On this day, the largest cavalry battle of the war is fought at Brandy Station, Virginia.
After the Confederate victory in Chancellorsville, Virginia, in early May, Confederate General Robert E. Lee began to prepare for another invasion of the North by placing General J.E.B. Stuart’s cavalry at Brandy Station, just east of Culpeper, to screen the rest of the Army of Northern Virginia as it started toward the Blue Ridge mountains. Stuart used this time at Brandy Station to stage a grand parade in order to boost morale and show off his dashing troopers to local residents.
Unbeknownst to Stuart, his pompous display was observed by uninvited Union cavalry and infantry under the command of General Alfred Pleasonton, who lurked across the Rappahannock River. On June 9, Pleasonton struck the surprised Rebels in a two-pronged assault. After initially falling back, the Confederates eventually rallied, and the battle raged all day around St. James Church.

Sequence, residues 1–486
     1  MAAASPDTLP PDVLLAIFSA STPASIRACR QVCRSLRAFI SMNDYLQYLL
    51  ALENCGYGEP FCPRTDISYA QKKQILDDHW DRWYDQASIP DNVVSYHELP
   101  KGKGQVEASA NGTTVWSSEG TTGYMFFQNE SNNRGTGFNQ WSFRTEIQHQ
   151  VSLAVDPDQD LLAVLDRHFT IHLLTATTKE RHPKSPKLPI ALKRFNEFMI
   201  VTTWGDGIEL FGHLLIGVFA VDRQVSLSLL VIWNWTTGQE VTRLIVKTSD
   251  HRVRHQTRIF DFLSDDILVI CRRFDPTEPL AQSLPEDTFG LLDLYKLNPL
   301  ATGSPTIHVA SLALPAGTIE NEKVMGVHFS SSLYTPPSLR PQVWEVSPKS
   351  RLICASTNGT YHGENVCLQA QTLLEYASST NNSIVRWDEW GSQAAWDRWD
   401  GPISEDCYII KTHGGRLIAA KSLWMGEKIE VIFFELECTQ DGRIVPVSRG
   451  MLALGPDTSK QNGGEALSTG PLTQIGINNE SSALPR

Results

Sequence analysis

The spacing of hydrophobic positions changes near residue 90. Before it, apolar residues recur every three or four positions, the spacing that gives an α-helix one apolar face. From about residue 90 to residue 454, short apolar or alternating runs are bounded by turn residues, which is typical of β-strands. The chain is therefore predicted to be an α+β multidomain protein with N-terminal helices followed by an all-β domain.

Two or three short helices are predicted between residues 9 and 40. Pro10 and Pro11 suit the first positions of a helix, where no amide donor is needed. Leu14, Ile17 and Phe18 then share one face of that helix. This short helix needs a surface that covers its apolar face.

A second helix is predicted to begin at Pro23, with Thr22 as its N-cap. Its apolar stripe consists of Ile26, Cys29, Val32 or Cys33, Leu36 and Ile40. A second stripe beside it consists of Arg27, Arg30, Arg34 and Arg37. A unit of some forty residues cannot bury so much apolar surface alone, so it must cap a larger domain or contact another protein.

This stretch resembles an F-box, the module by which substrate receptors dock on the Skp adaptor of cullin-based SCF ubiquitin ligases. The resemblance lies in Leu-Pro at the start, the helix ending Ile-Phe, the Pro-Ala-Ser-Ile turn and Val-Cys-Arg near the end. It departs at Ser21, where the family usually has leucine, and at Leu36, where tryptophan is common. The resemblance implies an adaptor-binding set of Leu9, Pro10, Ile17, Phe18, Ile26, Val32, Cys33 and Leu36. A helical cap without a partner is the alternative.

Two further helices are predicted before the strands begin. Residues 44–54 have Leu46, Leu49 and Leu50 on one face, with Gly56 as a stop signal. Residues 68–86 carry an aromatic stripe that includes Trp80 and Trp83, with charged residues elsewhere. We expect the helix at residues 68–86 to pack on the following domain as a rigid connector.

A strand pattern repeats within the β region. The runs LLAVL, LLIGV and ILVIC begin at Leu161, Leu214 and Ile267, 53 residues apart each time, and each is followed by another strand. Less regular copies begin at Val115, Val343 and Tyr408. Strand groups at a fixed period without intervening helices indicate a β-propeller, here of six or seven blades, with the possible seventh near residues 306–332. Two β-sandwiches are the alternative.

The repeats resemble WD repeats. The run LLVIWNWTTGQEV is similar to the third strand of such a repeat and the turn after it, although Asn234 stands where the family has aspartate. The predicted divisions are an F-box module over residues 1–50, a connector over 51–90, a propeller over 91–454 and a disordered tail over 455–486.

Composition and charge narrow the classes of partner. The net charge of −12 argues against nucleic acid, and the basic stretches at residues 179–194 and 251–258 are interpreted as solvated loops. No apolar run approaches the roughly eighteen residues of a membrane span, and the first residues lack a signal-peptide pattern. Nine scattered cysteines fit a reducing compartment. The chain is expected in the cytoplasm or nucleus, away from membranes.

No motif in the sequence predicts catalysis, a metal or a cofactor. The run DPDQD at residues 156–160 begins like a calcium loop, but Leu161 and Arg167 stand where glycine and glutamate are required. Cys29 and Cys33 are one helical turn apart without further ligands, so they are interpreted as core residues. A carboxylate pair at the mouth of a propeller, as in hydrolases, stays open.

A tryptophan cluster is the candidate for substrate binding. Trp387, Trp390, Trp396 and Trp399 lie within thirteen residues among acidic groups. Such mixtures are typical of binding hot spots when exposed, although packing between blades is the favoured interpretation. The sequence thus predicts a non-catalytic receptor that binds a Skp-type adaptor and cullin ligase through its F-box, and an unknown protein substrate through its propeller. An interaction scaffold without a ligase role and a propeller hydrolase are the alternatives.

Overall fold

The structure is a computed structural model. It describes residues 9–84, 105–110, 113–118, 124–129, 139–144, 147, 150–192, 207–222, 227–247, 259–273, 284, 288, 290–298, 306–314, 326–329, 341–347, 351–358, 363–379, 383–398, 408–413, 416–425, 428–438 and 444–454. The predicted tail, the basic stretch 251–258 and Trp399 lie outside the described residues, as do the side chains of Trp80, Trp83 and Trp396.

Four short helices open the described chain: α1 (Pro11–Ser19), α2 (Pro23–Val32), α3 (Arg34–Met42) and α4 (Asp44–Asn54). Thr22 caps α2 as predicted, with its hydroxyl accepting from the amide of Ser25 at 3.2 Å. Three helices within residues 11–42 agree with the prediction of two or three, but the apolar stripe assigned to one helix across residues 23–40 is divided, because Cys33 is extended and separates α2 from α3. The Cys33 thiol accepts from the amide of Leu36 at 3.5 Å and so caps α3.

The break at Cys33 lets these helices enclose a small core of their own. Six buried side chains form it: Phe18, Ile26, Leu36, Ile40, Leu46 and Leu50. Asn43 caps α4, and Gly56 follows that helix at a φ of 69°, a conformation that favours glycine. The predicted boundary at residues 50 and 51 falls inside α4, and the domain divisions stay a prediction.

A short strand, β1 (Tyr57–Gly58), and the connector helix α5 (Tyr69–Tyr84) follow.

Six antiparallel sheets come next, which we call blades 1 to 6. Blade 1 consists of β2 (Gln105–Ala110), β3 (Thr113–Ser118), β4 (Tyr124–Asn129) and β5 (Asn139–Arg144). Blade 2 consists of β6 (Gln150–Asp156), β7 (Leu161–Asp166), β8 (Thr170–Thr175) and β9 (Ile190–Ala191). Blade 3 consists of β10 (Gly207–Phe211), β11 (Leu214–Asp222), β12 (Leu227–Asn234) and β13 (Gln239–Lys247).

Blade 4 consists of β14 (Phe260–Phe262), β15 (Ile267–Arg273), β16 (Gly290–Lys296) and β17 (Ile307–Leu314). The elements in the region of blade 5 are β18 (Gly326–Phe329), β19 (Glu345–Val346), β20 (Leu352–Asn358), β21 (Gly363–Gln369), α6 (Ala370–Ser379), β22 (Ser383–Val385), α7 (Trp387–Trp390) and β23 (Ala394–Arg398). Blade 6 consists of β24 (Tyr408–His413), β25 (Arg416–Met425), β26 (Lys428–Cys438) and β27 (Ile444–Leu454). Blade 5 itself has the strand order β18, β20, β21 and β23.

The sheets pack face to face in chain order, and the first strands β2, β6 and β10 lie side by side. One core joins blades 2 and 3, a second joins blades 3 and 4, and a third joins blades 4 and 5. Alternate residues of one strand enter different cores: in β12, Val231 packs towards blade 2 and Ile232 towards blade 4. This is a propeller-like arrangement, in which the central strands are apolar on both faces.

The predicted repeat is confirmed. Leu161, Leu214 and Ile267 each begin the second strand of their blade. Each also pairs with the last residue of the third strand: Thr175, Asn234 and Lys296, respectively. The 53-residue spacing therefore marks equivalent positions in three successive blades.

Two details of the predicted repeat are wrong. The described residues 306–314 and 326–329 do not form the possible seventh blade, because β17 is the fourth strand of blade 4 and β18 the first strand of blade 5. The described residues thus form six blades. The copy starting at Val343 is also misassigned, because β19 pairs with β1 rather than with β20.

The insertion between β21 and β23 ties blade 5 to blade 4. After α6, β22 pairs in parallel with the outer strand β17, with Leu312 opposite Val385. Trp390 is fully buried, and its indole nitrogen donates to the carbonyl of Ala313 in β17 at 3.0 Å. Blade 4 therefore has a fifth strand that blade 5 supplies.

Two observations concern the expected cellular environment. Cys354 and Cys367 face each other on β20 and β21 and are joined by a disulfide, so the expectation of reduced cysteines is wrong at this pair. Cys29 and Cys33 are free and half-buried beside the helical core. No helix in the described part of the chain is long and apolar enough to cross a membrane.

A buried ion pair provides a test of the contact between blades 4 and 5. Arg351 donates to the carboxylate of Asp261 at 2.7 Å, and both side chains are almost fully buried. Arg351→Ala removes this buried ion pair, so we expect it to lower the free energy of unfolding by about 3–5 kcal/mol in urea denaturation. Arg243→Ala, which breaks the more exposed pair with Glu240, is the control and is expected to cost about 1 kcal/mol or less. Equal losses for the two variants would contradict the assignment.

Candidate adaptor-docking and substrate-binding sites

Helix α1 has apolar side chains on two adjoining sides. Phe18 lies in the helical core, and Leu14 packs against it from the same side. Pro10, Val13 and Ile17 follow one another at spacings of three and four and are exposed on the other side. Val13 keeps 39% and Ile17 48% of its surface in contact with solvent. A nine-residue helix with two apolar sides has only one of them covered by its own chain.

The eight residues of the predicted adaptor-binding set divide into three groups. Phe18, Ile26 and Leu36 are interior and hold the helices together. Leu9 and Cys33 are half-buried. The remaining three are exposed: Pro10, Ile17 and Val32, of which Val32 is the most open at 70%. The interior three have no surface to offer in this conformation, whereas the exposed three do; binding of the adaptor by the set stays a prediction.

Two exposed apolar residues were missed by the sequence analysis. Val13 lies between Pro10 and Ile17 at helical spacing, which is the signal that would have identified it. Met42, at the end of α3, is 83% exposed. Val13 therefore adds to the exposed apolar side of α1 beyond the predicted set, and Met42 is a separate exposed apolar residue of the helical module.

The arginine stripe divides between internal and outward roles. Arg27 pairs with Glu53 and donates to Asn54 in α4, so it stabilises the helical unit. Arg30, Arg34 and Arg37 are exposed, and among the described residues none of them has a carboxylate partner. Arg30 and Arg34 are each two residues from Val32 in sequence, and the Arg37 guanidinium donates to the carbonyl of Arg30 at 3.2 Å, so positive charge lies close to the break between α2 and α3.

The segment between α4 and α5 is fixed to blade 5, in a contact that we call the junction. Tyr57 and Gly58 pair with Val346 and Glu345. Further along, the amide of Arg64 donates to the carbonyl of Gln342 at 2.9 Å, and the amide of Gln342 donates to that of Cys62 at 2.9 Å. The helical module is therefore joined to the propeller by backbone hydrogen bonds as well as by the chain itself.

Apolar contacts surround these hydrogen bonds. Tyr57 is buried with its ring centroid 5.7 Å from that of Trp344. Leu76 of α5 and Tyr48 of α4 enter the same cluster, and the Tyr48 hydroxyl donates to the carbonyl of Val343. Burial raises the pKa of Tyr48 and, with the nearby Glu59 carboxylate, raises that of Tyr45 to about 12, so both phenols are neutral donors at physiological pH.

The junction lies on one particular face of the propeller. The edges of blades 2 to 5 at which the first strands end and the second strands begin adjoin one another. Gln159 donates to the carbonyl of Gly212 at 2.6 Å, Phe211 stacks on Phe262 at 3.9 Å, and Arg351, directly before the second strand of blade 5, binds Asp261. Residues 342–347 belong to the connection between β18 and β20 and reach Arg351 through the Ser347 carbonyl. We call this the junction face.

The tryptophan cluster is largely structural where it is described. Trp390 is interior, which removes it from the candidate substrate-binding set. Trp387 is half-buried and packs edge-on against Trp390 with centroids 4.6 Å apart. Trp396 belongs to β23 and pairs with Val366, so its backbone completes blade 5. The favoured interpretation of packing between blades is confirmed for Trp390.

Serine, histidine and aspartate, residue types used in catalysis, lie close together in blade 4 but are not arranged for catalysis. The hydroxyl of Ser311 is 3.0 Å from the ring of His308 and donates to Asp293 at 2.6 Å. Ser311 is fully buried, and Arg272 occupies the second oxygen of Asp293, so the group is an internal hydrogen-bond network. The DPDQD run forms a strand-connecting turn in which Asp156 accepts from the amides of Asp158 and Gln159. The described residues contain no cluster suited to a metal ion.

The battle’s key moment came when Union troops headed to seize Fleetwood Hill, an elevation from which the Yankees could shell the entire battlefield. Confederate Lieutenant John Carter struggled to mount a cannon on the hill and fired a single shot that stopped the Union troopers in their tracks. The Yankee officer leading the charge suspected the Confederates had a line of guns sitting just over the top of the hill, when in fact it was a single gun with barely enough powder for a single shot. Carter’s heroic act saved the day for Stuart. The move bought time for the Confederates, and they held the hill.
The battle continued until late afternoon, with many spectacular cavalry charges and saber fights in addition to hand-to-hand combat by dismounted cavalry. In the end, Stuart’s forces held the field. Although it was technically a Rebel victory, the battle demonstrated how far the Union cavalry had come since the beginning of the war. Stuart’s cavalry had been the master of their Union counterparts, but its invincibility was shattered on that muggy Virginia day.